"You couldn't be certain there weren't three," Hugh argued, "unless you can see much better at night than I can."

Blaise shook his head doubtfully. "The canoe was headed for the long point. They must be some of Ohrante's men."

"None of them was big enough to be Ohrante himself. We could see them well enough to make sure of that."

The brothers waited in the shadow for several minutes, then ventured on. As they came out from the shelter of the islands, a light southeast breeze, that barely rippled the water, struck them.

"A favorable enough wind, if we want to go direct to the Kaministikwia," remarked Hugh, "but do we?"

"It is at the Kaministikwia where we must sell the furs."

"But how about our revenge on Ohrante? Are we to let him meet those reinforcements at his Torture Island, and then go on capturing innocent people and putting them to death for his own pleasure? Ohrante is a menace to both white men and Ojibwas, Blaise."

"Yes, I know that," the younger lad replied slowly, "but what can you and I alone do against him and his band and the new braves who come to join him? I am as eager as you to see Ohrante destroyed. I long to avenge my father by doing the deed with my own hands, but we must plan cautiously. If we are over rash, we shall fail."

"What would you do then, Blaise?"

"I would go quickly to the Kaministikwia, leave the furs there, and find other men to go with us to the Isle of Torture."

"That will take a long time," Hugh objected. "We may be too late."

"Then we will cross to Minong again. We know where his camp is. Oh, we can find men eager to seek out Ohrante and his wolf pack wherever they may be, and destroy them like the wolves they are. The X Y agent will help us to raise a party. Ohrante was brought into this country by the Old Company. He is a skillful hunter and took to them many pelts."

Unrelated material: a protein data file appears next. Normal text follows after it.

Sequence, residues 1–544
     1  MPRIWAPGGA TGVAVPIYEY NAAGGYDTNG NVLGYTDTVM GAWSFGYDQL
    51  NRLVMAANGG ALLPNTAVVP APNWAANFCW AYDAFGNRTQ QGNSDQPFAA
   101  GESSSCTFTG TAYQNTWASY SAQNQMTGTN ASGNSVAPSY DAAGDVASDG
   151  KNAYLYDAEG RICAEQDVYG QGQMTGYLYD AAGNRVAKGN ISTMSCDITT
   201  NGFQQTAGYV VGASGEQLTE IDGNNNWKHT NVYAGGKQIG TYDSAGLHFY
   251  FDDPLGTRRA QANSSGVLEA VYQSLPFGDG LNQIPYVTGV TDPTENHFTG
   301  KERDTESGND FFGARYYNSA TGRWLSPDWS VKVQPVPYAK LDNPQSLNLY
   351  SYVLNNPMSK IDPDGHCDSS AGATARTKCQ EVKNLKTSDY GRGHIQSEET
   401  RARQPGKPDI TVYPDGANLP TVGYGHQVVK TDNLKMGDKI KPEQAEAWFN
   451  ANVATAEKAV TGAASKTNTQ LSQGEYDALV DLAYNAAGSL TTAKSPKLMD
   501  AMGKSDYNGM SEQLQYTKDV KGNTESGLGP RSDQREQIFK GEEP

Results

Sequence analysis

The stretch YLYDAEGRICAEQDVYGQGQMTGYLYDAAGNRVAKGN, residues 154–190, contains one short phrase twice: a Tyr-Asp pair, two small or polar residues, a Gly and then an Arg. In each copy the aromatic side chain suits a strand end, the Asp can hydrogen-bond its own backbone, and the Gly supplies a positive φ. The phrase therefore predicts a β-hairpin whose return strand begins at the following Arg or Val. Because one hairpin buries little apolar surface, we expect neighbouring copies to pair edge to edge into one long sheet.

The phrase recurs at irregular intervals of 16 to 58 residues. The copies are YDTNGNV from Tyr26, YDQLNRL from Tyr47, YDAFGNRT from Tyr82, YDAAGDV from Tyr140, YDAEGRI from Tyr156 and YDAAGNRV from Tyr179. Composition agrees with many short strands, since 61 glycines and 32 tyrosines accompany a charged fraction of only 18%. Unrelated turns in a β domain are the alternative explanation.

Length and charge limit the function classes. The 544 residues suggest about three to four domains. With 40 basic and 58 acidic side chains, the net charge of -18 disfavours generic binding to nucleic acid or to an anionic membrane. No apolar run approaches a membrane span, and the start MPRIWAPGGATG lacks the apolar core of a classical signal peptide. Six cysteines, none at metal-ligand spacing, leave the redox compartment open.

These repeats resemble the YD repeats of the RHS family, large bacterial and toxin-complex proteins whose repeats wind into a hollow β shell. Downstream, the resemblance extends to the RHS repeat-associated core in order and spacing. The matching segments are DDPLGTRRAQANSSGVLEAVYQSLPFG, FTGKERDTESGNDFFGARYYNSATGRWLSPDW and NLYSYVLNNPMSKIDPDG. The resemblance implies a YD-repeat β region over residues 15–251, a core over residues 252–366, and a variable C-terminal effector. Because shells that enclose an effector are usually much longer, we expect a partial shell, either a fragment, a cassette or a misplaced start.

"True. The New Company will be glad to help capture the fellow no doubt," Hugh agreed.

"But you and I, as our father's sons, will claim the right to deal with him." There was a hard, fierce note in the lad's voice. Jean Beaupré had not been a mild man, yet it was not so much the hot-tempered French father that spoke now in the son, as the fierce, implacable savage. Bitterly as Hugh hated the giant Mohawk, he sensed something different and alien in his half-brother's passion. Through the weeks of constant association with Blaise, Hugh had ceased ordinarily to think of him as Indian, but now, for the moment, he was not Blaise Beaupré, but Attekonse, Ojibwa. Yet it was the white boy who was the most impatient at the thought of delay in dealing with Ohrante.

The wind, however, had apparently settled the question. The breeze would carry the boat northwest to Thunder Bay, but would be more hindrance than help in going southwest to Grand Portage. In the lee of an island, the brothers raised their mast and ran up their sail. As they paddled out from shelter, the breeze caught the canvas and they were off across the lake.

Clouds had covered the moon, and it was too dark to sight Thunder Cape. The boys could do nothing but run before the wind and trust to it to carry them somewhere near their destination. At any rate they were leaving Minong and putting the miles between themselves and the cruel, self-appointed chief of the island. That wonderful and beautiful island, which the white men had appropriately called Royale, deserved a better king, and the first step in the right direction was to depose the present usurper, thought Hugh with grim humor.